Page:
Facebook tax expatriate strategy

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I don’t know why I’m a tax geek. The topic just tends to irritate people.

Take Eduardo Saverin, for instance. The Brazilian-born, naturalized American citizen came to the United States when he was a child. Saverin reportedly was the reason his wealthy family settled in the Miami area; the 13-year-old was said to be a kidnapping target.

He eventually enrolled at Harvard University, where he met Mark Zuckerberg and became a co-founder of Facebook.

Now Saverin, currently living in Singapore, has renounced his adopted country.

He’s getting a lot of heat for the decision because of its tax implications.

Like thousands of other Americans who surrender ties to the United States, Saverin will avoid paying the Internal Revenue Service a lot of money. And we’re talking a whole lot of money as Saverin still owns around 4 percent of Facebook and is expected to pocket around $4 billion in the social media company’s upcoming initial public offering,  or IPO.

Business, taxes or both

Saverin’s people say the tax savings on the Facebook IPO are ancillary.

Saverin made the decision in September 2011 to renounce his U.S. citizenship and move to Singapore. He chose the Asian metropolis, says a Saverin spokesman, because he plans to invest in companies from that country and other global firms exploring entry into the Asian market. So it makes sense to have Singapore as a base and to claim that city-state as his country of residence.

I don’t doubt Saverin’s business reasons for the relocation and U.S. citizenship renunciation.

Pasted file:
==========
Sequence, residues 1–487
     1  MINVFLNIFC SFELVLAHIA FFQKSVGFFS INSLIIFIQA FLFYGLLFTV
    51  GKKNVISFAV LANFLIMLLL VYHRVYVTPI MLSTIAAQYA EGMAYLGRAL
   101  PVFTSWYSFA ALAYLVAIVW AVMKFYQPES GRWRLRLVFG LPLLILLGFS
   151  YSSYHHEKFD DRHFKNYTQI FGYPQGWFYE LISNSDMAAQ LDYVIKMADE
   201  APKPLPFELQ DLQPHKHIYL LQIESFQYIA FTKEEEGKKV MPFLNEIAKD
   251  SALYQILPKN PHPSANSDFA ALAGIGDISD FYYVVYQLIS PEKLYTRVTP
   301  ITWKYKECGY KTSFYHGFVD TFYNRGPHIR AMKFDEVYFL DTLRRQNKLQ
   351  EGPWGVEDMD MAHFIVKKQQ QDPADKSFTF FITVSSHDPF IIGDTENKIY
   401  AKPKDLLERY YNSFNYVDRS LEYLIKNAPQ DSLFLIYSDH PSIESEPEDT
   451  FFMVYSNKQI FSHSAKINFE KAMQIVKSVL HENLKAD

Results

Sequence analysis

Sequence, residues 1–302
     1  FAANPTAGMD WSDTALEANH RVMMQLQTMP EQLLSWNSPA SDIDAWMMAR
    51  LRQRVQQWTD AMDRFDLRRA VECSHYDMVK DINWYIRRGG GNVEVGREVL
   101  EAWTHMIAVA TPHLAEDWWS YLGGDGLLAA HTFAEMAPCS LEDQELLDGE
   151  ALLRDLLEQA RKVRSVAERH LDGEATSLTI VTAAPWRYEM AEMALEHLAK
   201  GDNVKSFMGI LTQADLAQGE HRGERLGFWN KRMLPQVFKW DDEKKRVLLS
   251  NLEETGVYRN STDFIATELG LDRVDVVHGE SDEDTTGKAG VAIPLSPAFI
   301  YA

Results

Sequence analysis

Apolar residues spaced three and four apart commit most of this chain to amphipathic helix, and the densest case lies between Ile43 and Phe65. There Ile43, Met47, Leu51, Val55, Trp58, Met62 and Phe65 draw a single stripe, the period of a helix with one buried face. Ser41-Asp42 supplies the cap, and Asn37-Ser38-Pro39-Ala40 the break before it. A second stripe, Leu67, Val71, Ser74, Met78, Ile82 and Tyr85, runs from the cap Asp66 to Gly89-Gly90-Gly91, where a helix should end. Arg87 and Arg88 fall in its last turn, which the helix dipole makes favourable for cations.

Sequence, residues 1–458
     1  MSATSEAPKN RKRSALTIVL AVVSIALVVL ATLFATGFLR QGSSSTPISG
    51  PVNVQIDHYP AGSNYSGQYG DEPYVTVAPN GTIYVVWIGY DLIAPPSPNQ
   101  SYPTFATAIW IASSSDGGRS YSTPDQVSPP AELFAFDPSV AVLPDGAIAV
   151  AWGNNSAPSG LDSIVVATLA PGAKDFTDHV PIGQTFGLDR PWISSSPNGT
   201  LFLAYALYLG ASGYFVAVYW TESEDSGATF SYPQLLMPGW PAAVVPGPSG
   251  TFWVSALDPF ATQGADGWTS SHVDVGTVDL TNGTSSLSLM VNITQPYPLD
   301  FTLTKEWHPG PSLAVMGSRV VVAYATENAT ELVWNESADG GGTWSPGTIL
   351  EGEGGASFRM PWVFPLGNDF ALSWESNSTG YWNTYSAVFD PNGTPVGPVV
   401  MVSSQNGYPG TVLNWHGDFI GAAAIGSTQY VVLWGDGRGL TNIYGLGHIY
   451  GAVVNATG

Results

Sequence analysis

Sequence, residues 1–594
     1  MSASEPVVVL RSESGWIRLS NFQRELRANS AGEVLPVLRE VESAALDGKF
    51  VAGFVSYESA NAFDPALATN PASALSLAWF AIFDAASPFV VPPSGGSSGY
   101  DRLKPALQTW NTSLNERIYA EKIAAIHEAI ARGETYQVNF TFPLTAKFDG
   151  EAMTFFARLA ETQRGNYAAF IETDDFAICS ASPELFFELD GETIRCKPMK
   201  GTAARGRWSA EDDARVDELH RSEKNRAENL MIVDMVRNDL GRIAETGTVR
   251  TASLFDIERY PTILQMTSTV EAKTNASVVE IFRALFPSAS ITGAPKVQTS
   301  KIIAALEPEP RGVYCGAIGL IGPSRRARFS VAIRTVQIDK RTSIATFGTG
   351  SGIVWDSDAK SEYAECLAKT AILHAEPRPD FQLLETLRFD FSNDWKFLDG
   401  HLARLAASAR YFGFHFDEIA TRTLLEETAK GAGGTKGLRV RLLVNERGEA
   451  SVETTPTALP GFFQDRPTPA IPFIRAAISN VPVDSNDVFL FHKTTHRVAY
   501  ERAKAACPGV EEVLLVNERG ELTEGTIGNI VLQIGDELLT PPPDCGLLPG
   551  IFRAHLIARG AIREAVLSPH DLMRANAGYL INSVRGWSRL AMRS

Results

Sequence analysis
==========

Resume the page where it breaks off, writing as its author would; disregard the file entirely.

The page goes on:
But neither do I buy the story that taxes weren’t a motivation. Of course they were. This guy comes from a rich family, he’s rich himself and finding ways to hang onto their fortunes is what rich people do.

And criticizing them for taking advantage of legal ways to keep as much of their wealth as they can is what the rest of us poorer folks tend to do.

The unfair/fair tax dilemma

Why? Aren’t we all trying to do what Saverin is doing, to lower our tax bills? That’s why you read Bankrate tax stories. Heck, even the IRS tells us we should take every legitimate tax break to which we’re entitled to lower what we owe the tax collector.

But we get angry at how others, especially rich people, handle their taxes regardless of what they do.

Warren Buffett has been roundly criticized by many for saying he paid too few taxes because of the way the tax code applies to his investment earnings. It’s not possible to pay too little to the tax man, say incredulous anti-tax folks. If Buffett wants to hand over more to the U.S. Treasury, fine, but leave the system alone so that others who aren’t as upset by lower capital gains taxes don’t end up paying more.

In Saverin’s case, he won’t get off tax-free. When someone renounces U.S. citizenship, the soon-to-be ex-American must pay what amounts to an exit tax on the capital gains from their stock holdings, even if they don’t sell the shares. Of course, his future tax bills might well be lower, but Uncle Sam is getting a parting piece of Saverin’s wealth pie.

Still, people are taking it personally, saying Saverin owes it to the United States to keep his citizenship and pay his fair share of taxes.

What I want to know is, why don’t those bashing Saverin for his tax expatriate strategy apply that way of thinking to everyone else? Shouldn’t the same fair-share tax obligation argument apply to the rich Americans who are staying put?

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